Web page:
Born without limbs, Nick Vujicic was tormented to such an extent as a child that he contemplated suicide at the tender age of eight. Unlike others, Vujicic’s journey started with an obstacle: he had to learn to cope with his disabilities at a young age. To be honest, if I were to meet such hardships, I would have easily given up hope and lived a pessimistic life. However, unlike how others would react, Vujicic came to realize a positive side to his handicap and that his everyday struggles were an inspiration to many. This is where I believe Krakauer’s theme matches the life of Nick Vujicic. I believe that Nick Vujicic is an example of a person who has excellently responded to his obstacles in his journey; from Krakauer’s explanations, Vujicic is the epitome of a person dealing with his conflicts. As Vujicic once said, “If I fail, I try again, and again, and again. If YOU fail, are you going to try again? The human spirit can handle much worse than we realize. It matters HOW you are going to FINISH. Are you going to finish strong?” (Vujicic 28)
The Game of Life
Although Krakauer’s Into Thin Air only describes mishaps on Mount Everest, I believe this symbolizes a journey of life itself, which also has its own set of obstacles. The Game of Life, a board game I used to play with my friends during the short winter vacations in South Korea, wonderfully describes life and its rough struggles that lie here and there. The journey in The Game of Life, alike the journey in Into Thin Air depicts truly unanticipated turn of events that can either cause you harm or save your life; what Krakauer thought to be an empty can of oxygen was in fact full, and earning a nobel peace prize in the board game are all fortuitous events that happen to exist in the “journey”. Despite one journey being open to only climbers spending extravagant amounts of money with a desire to conquer the greatest mountain and the other “strictly” restricted only to those of 9 years of age and older, I can’t help but think that the two journeys resemble each other. Of course, it is your choice to choose the “safe route” or the “risky road”, but ultimately in the conclusion of the journey a brighter, more optimistic end is always awaiting.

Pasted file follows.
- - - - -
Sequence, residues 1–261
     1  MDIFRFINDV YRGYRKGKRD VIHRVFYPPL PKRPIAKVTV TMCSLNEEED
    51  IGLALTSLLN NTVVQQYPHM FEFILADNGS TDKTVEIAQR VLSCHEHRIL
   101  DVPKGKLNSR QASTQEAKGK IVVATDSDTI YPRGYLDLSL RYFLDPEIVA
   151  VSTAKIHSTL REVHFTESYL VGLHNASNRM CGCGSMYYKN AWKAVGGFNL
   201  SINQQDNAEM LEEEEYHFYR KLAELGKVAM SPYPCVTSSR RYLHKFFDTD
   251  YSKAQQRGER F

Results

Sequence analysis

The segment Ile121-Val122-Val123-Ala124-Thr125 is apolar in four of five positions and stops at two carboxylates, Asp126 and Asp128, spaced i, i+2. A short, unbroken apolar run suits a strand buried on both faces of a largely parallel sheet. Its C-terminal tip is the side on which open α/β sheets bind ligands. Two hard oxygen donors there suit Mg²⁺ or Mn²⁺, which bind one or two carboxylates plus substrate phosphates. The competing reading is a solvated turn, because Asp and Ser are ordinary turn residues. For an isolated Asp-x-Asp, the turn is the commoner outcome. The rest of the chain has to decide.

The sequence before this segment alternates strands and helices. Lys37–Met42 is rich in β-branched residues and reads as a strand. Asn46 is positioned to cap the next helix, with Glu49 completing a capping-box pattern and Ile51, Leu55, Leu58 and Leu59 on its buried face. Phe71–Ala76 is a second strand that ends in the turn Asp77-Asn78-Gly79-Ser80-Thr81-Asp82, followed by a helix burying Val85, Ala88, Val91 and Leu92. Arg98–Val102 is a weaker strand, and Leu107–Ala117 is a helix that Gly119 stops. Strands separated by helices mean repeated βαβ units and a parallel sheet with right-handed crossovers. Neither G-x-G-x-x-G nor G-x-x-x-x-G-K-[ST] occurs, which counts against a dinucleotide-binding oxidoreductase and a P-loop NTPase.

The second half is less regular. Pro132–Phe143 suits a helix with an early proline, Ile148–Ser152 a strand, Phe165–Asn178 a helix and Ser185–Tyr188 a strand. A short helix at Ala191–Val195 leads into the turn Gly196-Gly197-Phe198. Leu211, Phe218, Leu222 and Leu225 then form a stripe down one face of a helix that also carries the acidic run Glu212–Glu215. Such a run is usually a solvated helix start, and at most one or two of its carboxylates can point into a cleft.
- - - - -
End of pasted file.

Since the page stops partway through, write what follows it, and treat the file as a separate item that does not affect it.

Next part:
McCarthy, Cormac. The Road. New York: Vintage Books, 2006. Print.
The Lord of the Rings: The Return of the King. Dir. Peter Jackson. Perf. Sean Astin. 2003. DVD.
Vujicic, Nick. Life Without Limits. NewYork: Doubleday, 2010. Print.
Shakespeare, William. The Tempest. Stilwel: Digireads, 2005. Print.
When studying English in grade 10, I read The Road by Cormac McCarthy. Although fictional, the novel creates situations of conflicts that await in the journey the protagonists take on. While both challenging and grueling, the conflicts exhaust the mentality of the father and son, pushing them to an extent where they need to take drastic measures. The Road’s protagonists display what Krakaeur would explain a great illustration of coping with obstacles; when met by problems, the father and son carefully consider their options to make the best decision. Through this novel, McCarthy demonstrates how the protagonists cope with the troubles they face and even fare well in circumstances of high conflict. In this novel, the theme of “The Journey” represents hope, as it did for Krakauer as well. The hope of wanting this seemingly endless journey to come to a close also resides in me as I await the end of my highschool and university academic life. However, I too know that obstacles nonetheless exist, and it is my job to manage them; in fact, I believe in McCarthy’s words “If trouble comes when you least expect it then maybe the thing to do is to always expect it.”(McCarthy 104) By expecting the obstacles that were bound to come at some time during my life, I began to cope better with the troubles that popped up here and then.